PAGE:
Gulf Oil Spill

The Deepwater Horizon oil spill is considered to be the largest accidental marine oil spill in the history of the petroleum industry. The spill occurred in the Gulf of Mexico on April 20, 2010. The spill was the result of the explosion of the Deepwater Horizon offshore drilling rig. When the rig exploded, it created a sea-floor gusher of oil that flowed freely for three months. It resulted in 11 people killed and 17 others injured. In addition to the injuries and loss of human life, there were detrimental impacts to the environment both long and short term. By the time the leak was capped, there had been 4.9 million barrels of crude oil released.

The amount of pollution that resulted from this spill is still being determined and may never be fully realized. Many different types of pollution resulted from the spill. The main causes of damage in the spill were petroleum toxicity, oxygen depletion, and the use of Corexit dispersant. This type of damage to the ecosystem is the result of primary pollution. It is classified as a primary pollution because it was emitted directly into the ecosystem from an identifiable source.

Air pollution is also a factor in the spill. According to "National Oceanic and Atmospheric Administration" (2011), “The amount of air pollutants in the atmospheric plume generated by the Deepwater Horizon oil spill was similar to a large city” This is also a primary pollutant. Once the hydrocarbons mix with sunlight, they will create ozone, which is a secondary pollutant. It is considered a secondary pollutant because it was produced in the atmosphere by a chemical and physical process from a primary pollutant (crude oil emissions).

The results of the spill have had numerous effects both long and short term on the environment and the wildlife in the area. The Gulf of Mexico is a very productive area for many different types of species. The location of the oil spill was near the outflow from the Mississippi River.

This is a nutrient rich area where 1,728 species feed and reproduce. Many species were breeding at the time of the spill, which exposed vulnerable larvae and young to toxic oil. The count of dead animals directly resulting from the spill includes: 6,104 birds, 609 sea turtles, and 100 marine mammals. This number only includes the animals collected. The actual count is likely to be much higher. The majority of the animals that die either sink or get eaten, therefore only a fraction wash up on shore or get spotted at sea.

The long term effects of the spill will be hard to detect, but they could be much more harmful. If oil stays in ocean marsh sediments, plants and animals will be exposed to its effects over time. The oil will eventually enter the food chain through the sediment and plants. Studies have found toxins form the Exxon Valdez oil spill in animal in Alaska up to 20 years after the spill. In a spill of this magnitude, there are many different ways to approach the cleanup. In this case, one of the main clean up procedures used was the application of a chemical dispersant.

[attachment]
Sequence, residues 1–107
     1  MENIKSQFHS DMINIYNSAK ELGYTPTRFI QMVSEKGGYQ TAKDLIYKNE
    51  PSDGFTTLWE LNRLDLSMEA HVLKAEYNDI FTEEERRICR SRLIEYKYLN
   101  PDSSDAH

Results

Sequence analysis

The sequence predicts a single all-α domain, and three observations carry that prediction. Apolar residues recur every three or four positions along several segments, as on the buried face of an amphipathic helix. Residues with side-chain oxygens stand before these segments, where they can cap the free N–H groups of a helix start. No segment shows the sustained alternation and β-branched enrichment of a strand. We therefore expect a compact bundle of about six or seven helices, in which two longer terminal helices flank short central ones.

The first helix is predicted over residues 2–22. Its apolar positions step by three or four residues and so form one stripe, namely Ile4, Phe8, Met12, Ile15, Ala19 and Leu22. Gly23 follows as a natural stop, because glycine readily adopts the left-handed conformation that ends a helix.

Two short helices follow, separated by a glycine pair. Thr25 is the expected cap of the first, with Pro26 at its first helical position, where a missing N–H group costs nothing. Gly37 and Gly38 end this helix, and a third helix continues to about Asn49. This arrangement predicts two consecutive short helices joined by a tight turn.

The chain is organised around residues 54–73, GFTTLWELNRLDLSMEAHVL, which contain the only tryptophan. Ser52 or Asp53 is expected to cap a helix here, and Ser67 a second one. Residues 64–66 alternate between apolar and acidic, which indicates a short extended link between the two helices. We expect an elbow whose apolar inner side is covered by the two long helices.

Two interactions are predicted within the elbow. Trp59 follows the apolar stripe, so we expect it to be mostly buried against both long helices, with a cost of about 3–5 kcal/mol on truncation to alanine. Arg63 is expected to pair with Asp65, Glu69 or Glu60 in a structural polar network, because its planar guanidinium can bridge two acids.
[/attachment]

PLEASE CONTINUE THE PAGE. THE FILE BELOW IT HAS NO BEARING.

The chemical dispersant does not actually remove the oil, it breaks it down into small droplets. Another way to remove the oil from the water is by using skimmers. This is a process in which a machine siphons the oil off the top of the water. It is a difficult process because the longer the oil sits on the water the more the viscosity changes. Eventually the oil becomes too thin to siphon off the top and the skimmer takes on more water than oil. When the oil reaches the coastlines, the cleanup procedures change.

In the case of this spill, much of the coastline was able to be protected because it happened nearly 50 miles offshore. Crews were able to set up containment boom around areas of concern. Many of the areas the spill reached were highly environmentally sensitive therefor physical methods of cleanup were not used. Physical methods such as wiping with absorbent materials, pressure washing, raking, excavating, or bulldozing can be more harmful to the area. In these cases, the natural process is preferred. This includes evaporation, oxidation, and biodegradation.

Since the Deepwater Horizon spill, there have been new safety measures and regulations put in place to stop disasters like this from happening again. One of the causes for the explosion was a faulty blowout preventer on the rig. The blowout preventer controls and monitors the flow of oil in the well. They are essential to the safety of the operation. New regulations require stricter inspections on blowout preventers. The Department of Interior imposed many new regulations on drilling and workplace safety practices. They also required rig operators to have a comprehensive impact program in place to reduce organizational errors that could cause accidents or spills.

Disasters such as this remind the world the dangers of its reliance on fossil fuels. Not only are they a non-renewable resource, they have a largely negative impact on the environment. As technology advances, there is hope that the Earths reliance on fossils fuels can shift in the future to more sustainable resources. Wind, solar, and hydro, energy sources are all great examples of alternative energy. I believe that these sources need to be further examined in order to solve the Earths energy crisis.

References National Oceanic and Atmospheric Administration. (2011). Retrieved from